This is a beautifully written and moving book on death-on being mortal. It is written with depth and soul that few books on death can match. Masterfully written Kreeft indicates that we go thru stages to finally appreciate the value death can have in making us whole persons. Kreeft with finesse has interwoven quotes from literature, mythology, poetry and religion. If you read my other rreviews you will note i dont give out praise easily-but this book was written by someone divinely inspired.
Wonderfully perceptive Dec 9, 2004
This is my favorite of all of Peter Kreeft's books, and I've read most of them. One might expect a book about death to be depressing, but this book is full of hope and joy.
Kreeft, as always, is wonderfully perceptive, and draws some really sharp insights. For instance, he notes the double meaning in saying that death is the "end" of life - both its termination, but also its consummation (or even its "goal"). "If death is not meaningful, then life, in the final analysis, is not meaning-full. For death is the final analysis...Life cannot be meaningful in the short run and meaningless in the long run, because the long run is the meaning of the short run." Wonderful.
His analogy between death and birth is especially perceptive. The child in the womb is warm and secure, and outside the womb is - he knows not what (although he might have some inklings of the "world beyond" - muffled voices and the like). Birth is a painful thing, and yet he is born into a world infinitely wider and richer than the womb, and he is infinitely freer in the "outside world" than he was in the womb. Even so, we are comfortable in this world, and at any rate, this world is all we know (although we might have inklings of a "world beyond"). Death, like birth, involves pain. Is it possible that death, like birth, brings us into a wider, richer, freer existence than we had before?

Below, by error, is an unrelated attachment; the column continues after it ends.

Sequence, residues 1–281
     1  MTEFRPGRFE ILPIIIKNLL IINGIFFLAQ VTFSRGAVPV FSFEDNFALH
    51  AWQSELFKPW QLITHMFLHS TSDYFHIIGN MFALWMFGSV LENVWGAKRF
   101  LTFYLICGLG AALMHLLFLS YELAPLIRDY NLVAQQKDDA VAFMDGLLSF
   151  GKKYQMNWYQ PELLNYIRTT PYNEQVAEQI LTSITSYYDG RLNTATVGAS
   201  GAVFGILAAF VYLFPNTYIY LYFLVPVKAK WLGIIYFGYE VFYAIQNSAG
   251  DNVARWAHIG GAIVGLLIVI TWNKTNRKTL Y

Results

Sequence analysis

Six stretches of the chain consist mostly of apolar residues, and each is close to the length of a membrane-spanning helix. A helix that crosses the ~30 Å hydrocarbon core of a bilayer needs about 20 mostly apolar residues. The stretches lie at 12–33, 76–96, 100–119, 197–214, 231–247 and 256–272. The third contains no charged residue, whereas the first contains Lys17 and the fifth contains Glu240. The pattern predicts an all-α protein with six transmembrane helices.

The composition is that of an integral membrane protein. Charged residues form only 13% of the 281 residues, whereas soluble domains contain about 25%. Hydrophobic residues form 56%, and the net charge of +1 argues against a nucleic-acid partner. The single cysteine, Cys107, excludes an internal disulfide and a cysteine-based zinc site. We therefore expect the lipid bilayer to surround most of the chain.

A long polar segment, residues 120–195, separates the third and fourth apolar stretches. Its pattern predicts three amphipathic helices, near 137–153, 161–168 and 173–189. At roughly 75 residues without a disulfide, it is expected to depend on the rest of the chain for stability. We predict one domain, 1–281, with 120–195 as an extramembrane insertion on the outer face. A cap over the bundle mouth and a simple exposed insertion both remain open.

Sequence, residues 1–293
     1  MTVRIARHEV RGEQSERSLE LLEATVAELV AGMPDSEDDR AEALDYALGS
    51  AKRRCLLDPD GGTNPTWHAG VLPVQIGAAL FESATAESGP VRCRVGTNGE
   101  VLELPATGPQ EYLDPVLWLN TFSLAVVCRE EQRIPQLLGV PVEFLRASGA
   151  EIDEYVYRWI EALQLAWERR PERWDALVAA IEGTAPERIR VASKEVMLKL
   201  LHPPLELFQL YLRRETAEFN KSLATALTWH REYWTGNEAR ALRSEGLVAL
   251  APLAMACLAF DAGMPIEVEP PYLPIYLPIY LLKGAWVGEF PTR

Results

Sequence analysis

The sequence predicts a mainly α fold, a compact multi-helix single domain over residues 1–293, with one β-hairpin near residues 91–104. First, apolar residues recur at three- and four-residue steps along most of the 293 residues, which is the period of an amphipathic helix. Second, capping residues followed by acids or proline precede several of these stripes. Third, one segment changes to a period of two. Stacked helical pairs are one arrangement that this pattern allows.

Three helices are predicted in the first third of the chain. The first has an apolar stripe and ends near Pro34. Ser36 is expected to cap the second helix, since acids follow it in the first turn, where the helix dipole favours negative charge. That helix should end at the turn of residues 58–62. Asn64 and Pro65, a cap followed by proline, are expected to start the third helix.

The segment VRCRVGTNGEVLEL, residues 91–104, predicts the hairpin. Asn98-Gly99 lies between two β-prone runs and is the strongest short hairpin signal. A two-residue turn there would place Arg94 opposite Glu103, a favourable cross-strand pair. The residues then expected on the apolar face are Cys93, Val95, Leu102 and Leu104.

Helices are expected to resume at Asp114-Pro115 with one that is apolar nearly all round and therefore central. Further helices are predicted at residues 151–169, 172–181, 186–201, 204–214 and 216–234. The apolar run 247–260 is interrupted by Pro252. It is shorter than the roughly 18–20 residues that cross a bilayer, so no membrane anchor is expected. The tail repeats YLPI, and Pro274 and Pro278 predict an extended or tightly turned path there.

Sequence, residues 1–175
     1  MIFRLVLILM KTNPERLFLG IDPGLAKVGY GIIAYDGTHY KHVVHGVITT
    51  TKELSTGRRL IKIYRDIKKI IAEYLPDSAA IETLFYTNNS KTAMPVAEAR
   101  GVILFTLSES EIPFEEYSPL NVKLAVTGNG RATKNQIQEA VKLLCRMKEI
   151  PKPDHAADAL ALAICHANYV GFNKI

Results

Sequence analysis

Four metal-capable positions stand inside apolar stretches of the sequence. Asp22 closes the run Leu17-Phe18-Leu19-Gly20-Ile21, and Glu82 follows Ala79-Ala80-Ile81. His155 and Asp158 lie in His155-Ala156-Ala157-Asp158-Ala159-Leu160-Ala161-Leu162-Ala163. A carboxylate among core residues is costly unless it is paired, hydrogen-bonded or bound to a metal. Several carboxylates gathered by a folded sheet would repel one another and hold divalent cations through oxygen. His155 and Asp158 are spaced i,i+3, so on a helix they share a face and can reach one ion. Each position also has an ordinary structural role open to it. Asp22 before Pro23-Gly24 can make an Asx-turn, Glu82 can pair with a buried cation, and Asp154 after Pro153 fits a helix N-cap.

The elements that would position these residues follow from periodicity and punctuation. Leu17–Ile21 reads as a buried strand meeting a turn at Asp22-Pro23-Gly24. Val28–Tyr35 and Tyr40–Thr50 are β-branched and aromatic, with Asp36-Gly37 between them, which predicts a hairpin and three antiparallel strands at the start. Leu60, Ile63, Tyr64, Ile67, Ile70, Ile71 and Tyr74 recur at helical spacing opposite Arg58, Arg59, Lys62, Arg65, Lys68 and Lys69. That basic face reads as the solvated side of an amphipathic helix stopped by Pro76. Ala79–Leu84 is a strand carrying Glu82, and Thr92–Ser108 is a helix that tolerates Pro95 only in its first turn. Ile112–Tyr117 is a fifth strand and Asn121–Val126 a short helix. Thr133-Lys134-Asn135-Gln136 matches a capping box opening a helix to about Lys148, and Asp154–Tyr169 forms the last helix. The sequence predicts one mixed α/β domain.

And, as the child in the womb draws his life from his mother, he cannot SEE his mother, much less KNOW her AS A PERSON until he is born. Is it possible that, just as, in this world, we can't see God, death brings us into a new relationship with Him ("then we shall see face-to-face")? Food for contemplation, perhaps.
This is a wonderful book; it points in some very profound directions.
Peter Kreeft's book is a keeper! Jul 3, 2001
Peter Kreeft's aphorisms run from cover to cover. The beauty of his thought will captivate you as you read this book. "Love is Stronger than Death" is subtle in its apologetic, yet Kreeft comes up with profound ideas. This book makes you think about many things that we wouldn't ordinarily think of when we think about death. Usually when people think of Kreeft they think of his "Handbook" or his book "Making Sense out of Suffering". This book is just as valuable as those, only the topic is different. Kreeft does just what he intends to do here.
Twilight Zone Religion May 14, 2000
This is the first book by Kreeft that I have read and I find it extremely strange. First he tells us that myths all over the world assume that spirits exist, so it must be true. If this is true then Kreeft must also believe that spirits cause illness and disease. Then he uses out of body experiences to proove that life after death is a real thing. This is generally not believed in the medical world. Out of body experiences can be caused by the anesthetic Ketamine which is chemically related to phencyclidine(PCP). Without any supporting evidence Kreeft suggests that this live is an embronic stage for the next life. It is only because I am so kind that I call this speculation and not total insanity.